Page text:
Current Events

Published on June 11th, 2020 | by Randy Weeks


The View From The Balcony: We Are George Floyd

Jesus loves the little children,
All the children of the world,
White, and white, and white, and white,
They are precious in his sight.
Jesus loves the little children of the world.

George Floyd is dead. D.E.A.D. Murdered by a depraved-hearted officer-of-his-own-law, an unwilling sacrificial lamb to godless racism and violence, George Floyd was lynched. His rights were violated. He had no due process. He was tried, convicted, and―slowly and wantonly―tortured and executed by men vested with the authority and mission to serve and to protect.

What crucifixion was to the Roman Empire; what the hangman’s noose was to the Old West and the South; what the electric chair, the gas chamber, and lethal injection have been in the last 130 years; mutated into the executionary knee of a police officer and three of his colleagues on May 25, 2020 in Minneapolis, Minnesota.

I confess to the early thought, “Thank god it’s not Mississippi.” But it is Mississippi. It is Alabama. It is Georgia. It is New York. It is Arizona. It is our entire nation.

What we are seeing in the lynching of George Floyd is but one more reprehensible example of systemic and institutionalized racism that stems from the overt and covert belief that one is better or more worthy than another, which, conversely, means that the other is less worthy and of less value than the first.

This racism is inherent in the shrines to the Confederacy that remain, official statues and flags being two predominant examples. Racism is now on full display through the graphic and alarming video documentation of Floyd’s lynching and the unjust murders of other African Americans.

No justice, no peace.
Know justice, know peace.

Opposition to the Black Lives Matter movement is born of fear and denial, both conscious and unconscious, that those of us who aren’t black are getting the short end of the stick. Here’s a newsflash: Caucasian Americans, particularly we straight protestant males, have held that stick since long before the birth of this nation and have used it actively, complicitly, and ignorantly to beat down those we saw as different by color, religion, sexual orientation, gender identity, social status, disability, accent, hair style, clothing, girth, level of education, age, and any other perceived difference (read: threat).

Tragically this oppression has become such a part of our culture that it is not even recognizable to the vast majority of the privileged. Of course every life matters, but substituting “All Lives Matter” for “Black Lives Matter” is in and of itself a form of racial injustice, intended or not, because it hijacks the focus from the oppressed, leaving them once more starving with only a few crumbs of stale bread, while the majority continues to feast on the main course and fresh cake.

We have in this very moment the greatest opportunity as a nation that we have had since the Civil Rights Movement and the Viet Nam War protests. What will we do with it? We ignore it at our own peril. We minimize it at the peril of our children and our grandchildren. We dismiss it at the peril of our nation. We deny it at the peril of humanity.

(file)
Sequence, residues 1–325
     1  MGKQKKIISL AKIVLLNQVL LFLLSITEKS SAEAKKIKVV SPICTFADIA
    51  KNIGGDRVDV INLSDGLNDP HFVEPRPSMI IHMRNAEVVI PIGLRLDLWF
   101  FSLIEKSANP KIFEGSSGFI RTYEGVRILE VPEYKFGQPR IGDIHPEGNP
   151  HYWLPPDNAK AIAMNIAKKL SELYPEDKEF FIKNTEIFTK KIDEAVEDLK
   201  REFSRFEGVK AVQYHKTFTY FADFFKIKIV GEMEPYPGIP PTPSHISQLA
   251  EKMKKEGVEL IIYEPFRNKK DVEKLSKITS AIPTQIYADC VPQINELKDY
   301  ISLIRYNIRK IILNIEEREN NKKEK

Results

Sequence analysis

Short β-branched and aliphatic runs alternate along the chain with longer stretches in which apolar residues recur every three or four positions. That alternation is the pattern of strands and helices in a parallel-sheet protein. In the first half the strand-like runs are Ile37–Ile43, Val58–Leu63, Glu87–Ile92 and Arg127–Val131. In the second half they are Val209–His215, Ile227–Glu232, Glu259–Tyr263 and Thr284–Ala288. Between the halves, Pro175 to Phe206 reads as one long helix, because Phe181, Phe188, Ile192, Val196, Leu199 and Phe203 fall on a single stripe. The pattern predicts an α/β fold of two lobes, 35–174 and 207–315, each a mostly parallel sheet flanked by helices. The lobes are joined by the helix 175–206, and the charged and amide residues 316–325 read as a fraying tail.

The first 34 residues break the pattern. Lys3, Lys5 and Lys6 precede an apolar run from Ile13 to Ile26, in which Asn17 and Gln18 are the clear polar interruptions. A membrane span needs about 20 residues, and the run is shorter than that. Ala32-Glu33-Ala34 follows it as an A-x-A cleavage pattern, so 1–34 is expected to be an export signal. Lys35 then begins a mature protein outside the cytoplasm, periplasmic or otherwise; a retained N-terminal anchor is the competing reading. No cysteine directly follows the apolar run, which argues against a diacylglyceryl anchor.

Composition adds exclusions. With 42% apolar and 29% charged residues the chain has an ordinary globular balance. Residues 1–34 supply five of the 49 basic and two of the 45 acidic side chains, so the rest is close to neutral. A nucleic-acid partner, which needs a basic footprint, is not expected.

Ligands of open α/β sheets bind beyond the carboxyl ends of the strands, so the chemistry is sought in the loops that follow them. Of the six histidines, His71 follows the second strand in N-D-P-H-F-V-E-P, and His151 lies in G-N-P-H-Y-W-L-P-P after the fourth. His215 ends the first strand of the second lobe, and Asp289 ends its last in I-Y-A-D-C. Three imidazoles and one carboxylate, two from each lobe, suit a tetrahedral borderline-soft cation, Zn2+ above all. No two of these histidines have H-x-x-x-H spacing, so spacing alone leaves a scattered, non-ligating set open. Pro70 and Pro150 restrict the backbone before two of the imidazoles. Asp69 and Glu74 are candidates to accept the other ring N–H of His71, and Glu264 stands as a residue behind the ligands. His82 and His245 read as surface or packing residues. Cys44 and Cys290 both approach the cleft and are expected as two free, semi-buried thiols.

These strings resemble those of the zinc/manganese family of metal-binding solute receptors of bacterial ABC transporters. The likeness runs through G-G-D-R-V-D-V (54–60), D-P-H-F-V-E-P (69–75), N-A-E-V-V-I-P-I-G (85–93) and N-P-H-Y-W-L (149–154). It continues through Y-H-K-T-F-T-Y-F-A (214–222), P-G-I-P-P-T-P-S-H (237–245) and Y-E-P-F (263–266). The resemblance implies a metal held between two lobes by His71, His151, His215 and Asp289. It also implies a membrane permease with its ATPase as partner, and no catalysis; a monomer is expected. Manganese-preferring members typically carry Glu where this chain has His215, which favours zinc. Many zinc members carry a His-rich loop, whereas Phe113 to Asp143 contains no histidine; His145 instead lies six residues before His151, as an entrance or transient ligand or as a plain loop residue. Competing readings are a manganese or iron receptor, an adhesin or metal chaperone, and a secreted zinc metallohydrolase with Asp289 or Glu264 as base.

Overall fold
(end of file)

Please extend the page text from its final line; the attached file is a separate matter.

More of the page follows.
Eric Reason, Michael Lorenzo Dean, Breonna Taylor, Ahmaud Arbery, Martin Luther King, Jr., Medgar Evers, Elwood Higginbottom. Not one of them nor thousands of others died of natural causes nor under just conditions.

Injustice for one is injustice for all.
Justice for one is justice for all.

Thich Nhat Hanh, the Vietnamese Buddhist monk whose Magnolia Grove Monastery sits a few miles away in Batesville, MS, has said we can be fierce Bodhisattvas―enlightened beings who passionately pursue peace, wielding the weapons of faith, hope, and love with awareness and intention.

Such action is the surest antidote to our own despair. Power used thusly produces more power in kind. In meeting hatred and violence, we often hear, “Kill them with kindness.”  The intention in that is good, but I would suggest that the fierce Bodhisattva might instead say, “AWAKEN them with kindness.” It is time for us to be fierce Bodhisattvas and to wage peace.

The playing field is not yet level. It won’t be until the soul of America is ripped open and we take hold of the truth that black lives matter every bit as much as every other life. That is the current battle, and it extends to every minority of every demographic in our world.

It is not enough for us to be non-racist. We must be anti-racist. We absolutely, positively must actively, passionately, and persistently embrace and protect our common humanity and worth by building a just society that celebrates the mosaic of the plethora of diversity that makes us beautiful. And to behold that beauty we must open our eyes to see, open our ears to hear, open our hands to help, and open our hearts to love. When we do that, we just might hear George Floyd take another breath.

Because change too often comes not
from love or understanding,
anger arises.
When anger arises and is met with anger,
violence often springs forth.
But when anger arises and is met
with love and understanding,
a verdant garden grows,
and the fruits thereof are sweet
and nourish generations
with harmony and peace.
Woe unto us if we do not lay down
our arms of swords and shields,
teargas, rubber bullets, tazers,
and the sharpness of tongue,
and open our arms in kindness and unity,
embracing the kinship of all humanity.
We are one family.
We are George Floyd.

…and that’s the view from The Balcony.

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About the Author

Randy Weeks is a Licensed Professional Counselor, a Certified Shamanic Life Coach, an ordained minister, a singer-songwriter, and an actor, who lives in Oxford, Mississippi. He may be reached at

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